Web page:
Today is National Tap Dance Day in honor of Bill “Bojangles” Robinson, who was born Luther Robinson in Richmond, Virginia, on May 25, 1878. His father, Maxwell, worked in a machine shop, while his mother, Maria, was a choir singer. After both of his parents died in 1885, Robinson was raised by his grandmother, Bedilia, who had been a slave earlier in her life. According to Robinson, he used physical force to compel his brother, Bill, to switch names with him, since he did not care for his given name of Luther. Additionally, as a young man, he earned the nickname “Bojangles” for his contentious tendencies.
At the age of 5, Robinson began dancing for a living, performing in local beer gardens. In 1886, at the age of 9, he joined Mayme Remington’s touring troupe. In 1891, he joined a traveling company, later performing as a vaudeville act. He achieved great success as a nightclub and musical-comedy performer. At this stage of his career, he performed almost exclusively in black theaters before black audiences.
In 1908, Robinson met Marty Forkins, who became his manager. Forkins urged Robinson to develop his solo act in nightclubs. Robinson took a break from performance to serve as a rifleman in World War I. Along with fighting in the trenches, Robinson was also a drum major who led the regimental band up Fifth Avenue upon the regiment’s return from Europe.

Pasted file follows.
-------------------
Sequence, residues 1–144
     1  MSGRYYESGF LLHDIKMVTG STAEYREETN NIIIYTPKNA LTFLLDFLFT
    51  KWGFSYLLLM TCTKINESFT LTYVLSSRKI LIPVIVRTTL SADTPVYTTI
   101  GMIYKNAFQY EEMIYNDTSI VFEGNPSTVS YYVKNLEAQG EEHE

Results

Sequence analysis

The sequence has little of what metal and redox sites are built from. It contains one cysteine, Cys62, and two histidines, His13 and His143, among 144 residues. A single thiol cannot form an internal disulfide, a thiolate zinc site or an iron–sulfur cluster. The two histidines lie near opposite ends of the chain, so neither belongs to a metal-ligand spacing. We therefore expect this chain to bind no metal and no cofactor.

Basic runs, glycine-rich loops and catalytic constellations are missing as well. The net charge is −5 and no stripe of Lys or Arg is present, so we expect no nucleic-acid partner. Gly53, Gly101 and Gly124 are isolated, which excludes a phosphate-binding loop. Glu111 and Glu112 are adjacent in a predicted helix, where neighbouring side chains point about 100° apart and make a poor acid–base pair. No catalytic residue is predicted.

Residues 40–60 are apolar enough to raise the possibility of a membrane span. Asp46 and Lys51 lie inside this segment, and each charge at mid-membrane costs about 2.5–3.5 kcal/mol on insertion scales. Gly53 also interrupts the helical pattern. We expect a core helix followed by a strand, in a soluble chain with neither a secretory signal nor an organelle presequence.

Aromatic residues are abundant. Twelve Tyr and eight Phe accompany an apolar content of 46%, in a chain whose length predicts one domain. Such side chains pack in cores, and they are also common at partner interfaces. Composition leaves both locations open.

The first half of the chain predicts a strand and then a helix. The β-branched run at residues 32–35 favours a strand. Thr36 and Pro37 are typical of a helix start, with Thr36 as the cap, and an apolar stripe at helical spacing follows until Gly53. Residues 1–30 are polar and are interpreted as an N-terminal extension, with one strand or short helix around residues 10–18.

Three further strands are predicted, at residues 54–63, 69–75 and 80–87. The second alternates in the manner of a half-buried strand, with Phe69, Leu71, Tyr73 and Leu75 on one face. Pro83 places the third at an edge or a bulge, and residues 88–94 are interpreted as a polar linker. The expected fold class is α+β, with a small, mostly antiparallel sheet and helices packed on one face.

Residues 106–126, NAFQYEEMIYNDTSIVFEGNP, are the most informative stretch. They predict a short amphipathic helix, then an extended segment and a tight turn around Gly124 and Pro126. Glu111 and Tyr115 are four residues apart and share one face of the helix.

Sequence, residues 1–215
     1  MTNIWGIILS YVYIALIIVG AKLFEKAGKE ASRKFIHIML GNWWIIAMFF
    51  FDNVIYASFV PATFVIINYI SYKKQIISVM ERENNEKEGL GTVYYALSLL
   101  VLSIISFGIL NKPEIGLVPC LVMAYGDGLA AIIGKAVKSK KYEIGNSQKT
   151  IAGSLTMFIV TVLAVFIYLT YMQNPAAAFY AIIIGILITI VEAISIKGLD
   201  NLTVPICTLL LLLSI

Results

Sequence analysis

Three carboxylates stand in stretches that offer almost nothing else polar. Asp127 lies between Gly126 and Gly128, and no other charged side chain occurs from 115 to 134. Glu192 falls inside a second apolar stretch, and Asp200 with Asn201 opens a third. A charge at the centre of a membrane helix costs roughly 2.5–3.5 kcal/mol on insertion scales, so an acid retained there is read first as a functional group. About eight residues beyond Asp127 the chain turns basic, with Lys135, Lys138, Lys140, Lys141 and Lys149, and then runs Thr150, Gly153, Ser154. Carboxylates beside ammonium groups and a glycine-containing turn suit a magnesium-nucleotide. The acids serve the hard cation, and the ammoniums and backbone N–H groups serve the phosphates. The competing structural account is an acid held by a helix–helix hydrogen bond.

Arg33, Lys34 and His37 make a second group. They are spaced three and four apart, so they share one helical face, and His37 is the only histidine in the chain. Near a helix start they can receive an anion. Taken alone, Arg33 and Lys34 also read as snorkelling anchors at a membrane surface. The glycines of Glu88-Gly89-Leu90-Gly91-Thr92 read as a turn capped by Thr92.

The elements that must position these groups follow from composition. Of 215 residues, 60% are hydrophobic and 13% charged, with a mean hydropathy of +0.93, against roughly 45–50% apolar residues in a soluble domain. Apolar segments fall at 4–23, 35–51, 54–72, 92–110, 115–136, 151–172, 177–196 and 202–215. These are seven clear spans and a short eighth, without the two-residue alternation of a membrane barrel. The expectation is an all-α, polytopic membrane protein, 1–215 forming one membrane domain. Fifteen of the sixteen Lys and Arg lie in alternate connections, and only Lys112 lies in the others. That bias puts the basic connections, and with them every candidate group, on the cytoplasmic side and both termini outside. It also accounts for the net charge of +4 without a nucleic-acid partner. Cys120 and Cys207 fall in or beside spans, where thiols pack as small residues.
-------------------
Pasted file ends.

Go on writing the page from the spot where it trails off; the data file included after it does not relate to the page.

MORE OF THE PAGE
In 1928, he starred on Broadway in the hugely successful musical revue Blackbirds of 1928, which featured his famous “stair dance.” Blackbirds was a revue starring African-American performers, intended for white audiences. The show was a breakthrough for Robinson. He became well known as “Bojangles,” which connoted a cheerful and happy-go-lucky demeanor for his white fans, despite the nearly polar-opposite meaning of the nickname in the black community. His catchphrase, “Everything’s copacetic,” reinforced Robinson’s sunny disposition. Although he worked regularly as an actor, Robinson was best known for his tap-dance routines. He pioneered a new form of tap, shifting from a flat-footed style to a light, swinging style that focused on elegant footwork.
Robinson’s fame withstood the decline of African-American revues. He starred in 14 Hollywood motion pictures, many of them musicals, and played multiple roles opposite the child star Shirley Temple. His film credits include Rebecca of Sunnybrook Farm, The Little Colonel and Stormy Weather, co-starring Lena Horne and Cab Calloway. Despite his fame, Robinson was not able to transcend the narrow range of stereotypical roles written for black actors at the time. By accepting these roles, Robinson was able to maintain steady employment and remain in the public eye. In 1939, at the age of 61, he performed in The Hot Mikado, a jazz-inspired interpretation of Gilbert and Sullivan’s operetta. Robinson celebrated his 61st birthday publicly by dancing down 61 blocks of Broadway.